surge, and it provides useful information if
you’re thinking about where to keep your
boat and how to store it during this hurricane season. You can access the webinars
TO SEE HOW HURRICANE NAMES GET
RETIRED, TURN TO PAGE 19.
DON’T LOOK NOW, but that huge jellyfish swimming beside your boat could someday be more than meets the eye. In fact, it might be watching you. Last April, a team from the Virginia Tech College of Engineering successfully built and launched a 170-pound,
6-foot-diameter robotic jellyfish. Funded
by a grant from the U.S. Naval Undersea
Warfare Center and the Office of Naval
Research, these “creatures” may someday patrol the seas, looking like large
(but innocent) denizens of the deep.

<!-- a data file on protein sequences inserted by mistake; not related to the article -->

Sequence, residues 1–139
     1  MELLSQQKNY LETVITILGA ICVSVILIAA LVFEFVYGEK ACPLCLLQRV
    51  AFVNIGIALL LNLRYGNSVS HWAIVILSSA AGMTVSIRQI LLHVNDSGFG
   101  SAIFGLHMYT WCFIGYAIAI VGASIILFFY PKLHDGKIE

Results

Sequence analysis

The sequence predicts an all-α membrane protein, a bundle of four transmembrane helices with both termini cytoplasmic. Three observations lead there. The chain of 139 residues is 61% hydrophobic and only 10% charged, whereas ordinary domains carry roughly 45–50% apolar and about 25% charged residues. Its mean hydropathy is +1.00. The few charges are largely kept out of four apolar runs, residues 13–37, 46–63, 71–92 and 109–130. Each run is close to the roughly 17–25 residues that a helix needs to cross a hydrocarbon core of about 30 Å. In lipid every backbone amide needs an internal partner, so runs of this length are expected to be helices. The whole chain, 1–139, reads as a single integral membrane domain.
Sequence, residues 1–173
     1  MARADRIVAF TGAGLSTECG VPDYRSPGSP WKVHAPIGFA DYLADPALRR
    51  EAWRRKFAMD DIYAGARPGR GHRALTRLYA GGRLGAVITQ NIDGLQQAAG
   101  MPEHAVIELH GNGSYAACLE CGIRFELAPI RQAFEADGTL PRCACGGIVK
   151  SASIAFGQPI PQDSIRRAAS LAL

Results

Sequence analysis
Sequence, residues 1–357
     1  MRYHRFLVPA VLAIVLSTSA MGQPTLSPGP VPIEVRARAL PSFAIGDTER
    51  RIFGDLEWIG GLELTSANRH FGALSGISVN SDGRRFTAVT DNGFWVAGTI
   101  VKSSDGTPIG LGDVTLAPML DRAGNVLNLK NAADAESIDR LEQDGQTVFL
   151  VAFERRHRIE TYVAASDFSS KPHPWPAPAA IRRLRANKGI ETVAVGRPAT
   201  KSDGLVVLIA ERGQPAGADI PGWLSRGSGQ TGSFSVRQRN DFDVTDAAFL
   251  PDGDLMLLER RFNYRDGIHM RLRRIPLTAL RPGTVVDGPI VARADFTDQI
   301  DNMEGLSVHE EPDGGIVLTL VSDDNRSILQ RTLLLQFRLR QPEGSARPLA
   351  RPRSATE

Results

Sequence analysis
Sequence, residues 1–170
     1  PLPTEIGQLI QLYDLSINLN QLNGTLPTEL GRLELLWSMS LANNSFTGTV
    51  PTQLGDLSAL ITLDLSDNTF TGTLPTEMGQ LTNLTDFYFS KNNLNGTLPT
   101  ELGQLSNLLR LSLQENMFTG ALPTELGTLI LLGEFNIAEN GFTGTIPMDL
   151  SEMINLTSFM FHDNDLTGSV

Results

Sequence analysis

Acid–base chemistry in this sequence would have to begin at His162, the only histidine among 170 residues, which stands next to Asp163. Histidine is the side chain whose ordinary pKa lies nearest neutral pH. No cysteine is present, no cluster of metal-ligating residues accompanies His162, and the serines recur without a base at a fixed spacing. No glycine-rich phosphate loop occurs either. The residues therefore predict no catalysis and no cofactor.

The 170-pound prototype robot is
called “Cyro,” a combination of the
Latin name for the lion’s mane jellyfish
(cyanea capillata) and “robot”. Eventually
the researchers hope Cyro will be completely autonomous and capable of powering itself at sea for months at a time.
The college says that the robotic jellyfish has a range of possible uses, from
monitoring the environment to military
surveillance. — CHRIS LANDERS
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different groups of boaters.
BoatU.S. Magazine | 13